More important, we take a different view of what the supreme court did when it invalidated the statute that created the crime of predatory criminal sexual assault of a child. Its decision to invalidate Public Act 89-428 was not a statewide reversal of every conviction obtained under that act. We also disagree with the State's view of what the supreme court accomplished when it handed down the decision that reversed the convictions of Robbie Moore and Gomecindo Tellez-Valencia. The supreme court did no more than reverse the convictions of two people who were unhappy with them and who had a reason to have them undone. No one else's case was before the court. The supreme court did not possess the power to instantly invalidate the conviction of every person prosecuted under Public Act 89-428. To be sure, the decision creates a reason for any prisoner who was convicted under that act to have the conviction vacated. But the decision does not automatically undo the convictions of sexual predators who do not seek relief by initiating proceedings before some court.

Under the State's view of the law, no one should be sitting in prison for any conviction obtained under any act that a court of law has invalidated. In the case of Public Act 89-428, convicted sexual predators across the state should have been released from prison in May 1997 when their convictions no longer existed.

If the State's view were to prevail, it would have to confront the fact that Turner should have been released from prison or recharged long before March of 2000. The State would have to answer for the wrongful imprisonment of Turner.

The State has no reason to do so. As long as those who were convicted under Public Act 89-428 take no action, their convictions can support their continued imprisonment. Turner took no action to set aside his convictions. He chose to serve his time.

No court of law has ever been called upon to address the validity of Turner's convictions. There is neither a ruling invalidating them nor an order vacating them.

When the supreme court declared Public Act 89-428 unconstitutional, the declaration's legal effect was to render the legislation void ab initio-that is, as if it never existed. However, the supreme court's finding did not rewrite history. Turner's two convictions under the act still existed, albeit subject to legal challenge. Turner was prosecuted under a presumptively valid law. At the time that he entered his guilty pleas, it fully empowered the trial court to accept them. It also empowered the trial judge to impose punishment as a result of those guilty pleas. Indeed, the convictions were obtained through a sound and reliable process by a court of law authorized to act.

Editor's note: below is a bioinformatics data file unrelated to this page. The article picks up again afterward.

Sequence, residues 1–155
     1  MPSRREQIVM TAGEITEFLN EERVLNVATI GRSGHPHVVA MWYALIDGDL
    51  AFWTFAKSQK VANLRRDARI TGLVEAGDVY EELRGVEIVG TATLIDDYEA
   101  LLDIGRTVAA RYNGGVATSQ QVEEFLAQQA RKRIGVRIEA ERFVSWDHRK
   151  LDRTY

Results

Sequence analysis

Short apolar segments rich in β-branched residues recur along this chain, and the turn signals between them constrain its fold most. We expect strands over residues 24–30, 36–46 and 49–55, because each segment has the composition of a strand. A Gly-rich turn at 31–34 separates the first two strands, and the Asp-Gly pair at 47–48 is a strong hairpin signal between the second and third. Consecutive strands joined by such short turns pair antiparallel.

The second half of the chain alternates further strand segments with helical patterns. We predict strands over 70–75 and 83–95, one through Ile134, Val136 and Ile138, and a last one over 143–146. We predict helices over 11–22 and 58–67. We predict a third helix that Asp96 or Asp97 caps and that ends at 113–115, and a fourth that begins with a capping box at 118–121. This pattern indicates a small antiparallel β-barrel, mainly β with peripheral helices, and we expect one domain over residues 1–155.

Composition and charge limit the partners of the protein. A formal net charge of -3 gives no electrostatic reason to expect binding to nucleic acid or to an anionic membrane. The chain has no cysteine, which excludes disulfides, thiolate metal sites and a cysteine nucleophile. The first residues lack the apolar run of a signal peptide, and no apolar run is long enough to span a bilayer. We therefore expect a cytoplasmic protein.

The State seems to think that it can unilaterally decide that a conviction is worthless and, based upon that decision, determine when a new trial is in order for someone who has been successfully prosecuted. These are decisions made by the judiciary. Usually they are made after those harmed by a conviction seek relief from it because of some flaw in the process by which it was procured. In rare cases, the State may feel that a conviction was wrongfully obtained. When it does, it can, and should, bring the matter to a court's attention. It should seek to set aside the conviction. However, it cannot seek to overturn someone's conviction in order to increase the penalties imposed or in order to correct prosecutorial mistakes that inured to a defendant's advantage during an earlier prosecution. Baze, 43 Ill. 2d at 302-03, 253 N.E.2d at 395.

We cannot treat Turner's convictions as if they never existed. The convictions existed, firmly intact, and justified every day that Turner sat in prison because of them. Those convictions are still intact, and the State does not possess the authority to ignore their efficacy simply because the supreme court has provided Turner with a potential means to have them invalidated. As long as the convictions remain intact, Turner is entitled to constitutional protection from further prosecution for the conduct that underlies them.

The current prosecution of Turner violates the Illinois constitutional guarantee that no person shall be twice placed in jeopardy for the same offense.

Accordingly, for the foregoing reasons, the order of the circuit court of Massac County is hereby reversed, and the cause is remanded for further proceedings consistent with this opinion.

Reversed; cause remanded.

CHAPMAN *fn2 and WELCH, JJ., concur.

Justices: Honorable Melissa A. Chapman, J., and Honorable Thomas M. Welch, J., Concur